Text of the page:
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Tag Archives: aortic stenosis

September 2019 Br J Cardiol 2019;26:99–100 doi:10.5837/bjc.2019.028

My 60-year relationship with aortic stenosis

Anthony P C Bacon, Harry Rosen, Neil Ruparelia

Abstract

Dr Anthony P C Bacon Introduction It may be invidious to write about oneself and one’s own disorders, but perhaps exception can be made when there is a gap of 60 years between writing about a condition and reporting one’s own case of it at the age of 94. In my case (APCB), the prospect of a general anaesthetic accompanied recurrent cholecystitis and dyspnoea, so I dusted off my stethoscope and on listening to my heart, I was somewhat taken aback to find that I had developed aortic stenosis. Early career Having qualified in 1947, and following 18 months in the Royal Army Medical Corps (RAMC) in Germany in 1948–9, I began work again in th

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May 2019 Br J Cardiol 2019;26:50

Quick takes from ACC.19: The American College of Cardiology 68th Annual Scientific Sessions

Gerald Chi, Syed Hassan Abbas Kazmi, C. Michael Gibson

Abstract

ACC.19 was held in New Orleans, US PARTNER 3 and Evolut Low Risk add to evidence base for TAVR Prior literature suggests that transcatheter aortic-valve replacement (TAVR) is non-inferior or even superior to standard surgical aortic-valve replacement (SAVR) among high and intermediate surgical risk patients with aortic stenosis (AS). Two pivotal studies have now addressed the efficacy and safety of TAVR in AS patients at low mortality risk from surgery. PARTNER 3 (ClinicalTrials.gov: NCT02675114) was an open-label trial that randomised 1,000 subjects with severe AS at low mortality risk from surgery into either TAVR with a third-generation ba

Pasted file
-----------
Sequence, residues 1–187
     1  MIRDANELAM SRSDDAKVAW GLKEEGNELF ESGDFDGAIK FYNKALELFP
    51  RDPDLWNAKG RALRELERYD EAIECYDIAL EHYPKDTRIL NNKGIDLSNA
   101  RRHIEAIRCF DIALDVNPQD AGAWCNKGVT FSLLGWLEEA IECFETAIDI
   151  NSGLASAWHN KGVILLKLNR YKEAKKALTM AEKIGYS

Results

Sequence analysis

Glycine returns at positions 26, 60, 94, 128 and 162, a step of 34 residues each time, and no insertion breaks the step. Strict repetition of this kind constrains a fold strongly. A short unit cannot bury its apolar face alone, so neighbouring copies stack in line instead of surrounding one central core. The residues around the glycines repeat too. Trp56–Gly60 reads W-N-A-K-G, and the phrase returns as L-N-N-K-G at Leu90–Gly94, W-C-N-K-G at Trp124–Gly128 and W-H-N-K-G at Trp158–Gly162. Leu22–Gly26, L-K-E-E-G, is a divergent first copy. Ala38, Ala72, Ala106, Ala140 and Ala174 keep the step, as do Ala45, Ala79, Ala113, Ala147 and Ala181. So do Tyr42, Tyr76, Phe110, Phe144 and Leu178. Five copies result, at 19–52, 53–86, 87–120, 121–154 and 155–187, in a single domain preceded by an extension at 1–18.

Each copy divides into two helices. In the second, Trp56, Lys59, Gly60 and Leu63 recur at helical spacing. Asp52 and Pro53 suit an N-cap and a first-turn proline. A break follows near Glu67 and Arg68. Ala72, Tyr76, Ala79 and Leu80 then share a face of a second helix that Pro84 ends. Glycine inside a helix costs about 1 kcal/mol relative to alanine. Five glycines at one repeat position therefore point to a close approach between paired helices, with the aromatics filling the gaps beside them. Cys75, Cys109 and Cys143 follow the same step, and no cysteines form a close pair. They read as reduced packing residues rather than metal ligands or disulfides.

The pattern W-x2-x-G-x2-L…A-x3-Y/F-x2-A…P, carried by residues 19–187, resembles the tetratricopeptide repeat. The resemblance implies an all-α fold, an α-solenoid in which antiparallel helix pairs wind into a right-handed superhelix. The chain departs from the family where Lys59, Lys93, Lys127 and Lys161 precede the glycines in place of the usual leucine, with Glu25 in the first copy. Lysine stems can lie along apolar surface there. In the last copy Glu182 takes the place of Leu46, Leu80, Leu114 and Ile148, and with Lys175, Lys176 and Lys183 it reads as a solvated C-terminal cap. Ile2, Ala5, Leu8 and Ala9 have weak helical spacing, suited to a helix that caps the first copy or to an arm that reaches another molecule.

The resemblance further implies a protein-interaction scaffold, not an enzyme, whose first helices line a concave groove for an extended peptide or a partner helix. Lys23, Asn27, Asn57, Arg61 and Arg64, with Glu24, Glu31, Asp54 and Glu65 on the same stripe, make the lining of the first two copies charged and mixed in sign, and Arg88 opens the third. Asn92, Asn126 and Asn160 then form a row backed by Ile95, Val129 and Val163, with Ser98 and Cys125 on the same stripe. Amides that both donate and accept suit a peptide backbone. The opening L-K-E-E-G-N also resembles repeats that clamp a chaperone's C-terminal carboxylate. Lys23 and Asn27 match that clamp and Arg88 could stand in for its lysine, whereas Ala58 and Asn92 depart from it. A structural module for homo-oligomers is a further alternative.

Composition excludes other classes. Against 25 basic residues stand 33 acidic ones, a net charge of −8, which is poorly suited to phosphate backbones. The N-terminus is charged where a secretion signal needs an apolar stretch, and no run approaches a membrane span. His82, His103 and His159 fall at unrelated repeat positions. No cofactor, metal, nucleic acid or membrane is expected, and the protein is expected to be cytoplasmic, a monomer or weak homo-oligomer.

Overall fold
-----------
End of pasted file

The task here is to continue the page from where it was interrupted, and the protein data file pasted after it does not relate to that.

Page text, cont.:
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April 2019 Br J Cardiol 2019;26:97–8 doi:10.5837/bjc.2019.015 Online First

Avoiding needless deaths in aortic stenosis

John B Chambers

Abstract

Professor John B Chambers Introduction Aortic stenosis (AS) is the most common type of primary heart valve disease in industrialised countries. Although echocardiography is key for its assessment, the need for surgery is most frequently dictated by symptoms.1 However, the history can be surprisingly elusive, and physicians without specialist competencies in valve disease may miss their onset.2 This is important because the risk of death is approximately 1% per annum without symptoms but 4% in the first three months after the onset of symptoms,3 usually before the patient has time to contact their physician (figure 1). It then rises up to 14%

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Patients with a mechanical mitral valve are potential candidates for TAVI

April 2015 Br J Cardiol 2015;22:(2) doi:10.5837/bjc.2015.015 Online First

Patients with a mechanical mitral valve are potential candidates for TAVI

Katie E O’Sullivan, Eoghan T Hurley, Declan Sugrue, John P Hurley

Abstract

Introduction Figure 1. View at time of implantation demonstrating a newly deployed JenaValveTM in a patient with a Medtronic-Hall disc valve in the mitral position Transcatheter aortic valve implantation (TAVI) has become standard of care for patients with severe aortic stenosis at prohibitive operative risk for surgical aortic valve replacement (SAVR).1 The first randomised-controlled trial of TAVI stipulated the presence of a mitral valve prosthesis as an exclusion criterion for enrolment in the trial.2 The main reason was concern that dysfunction of the mitral valve prosthesis might arise during TAVI valve deployment.3 Further concerns wer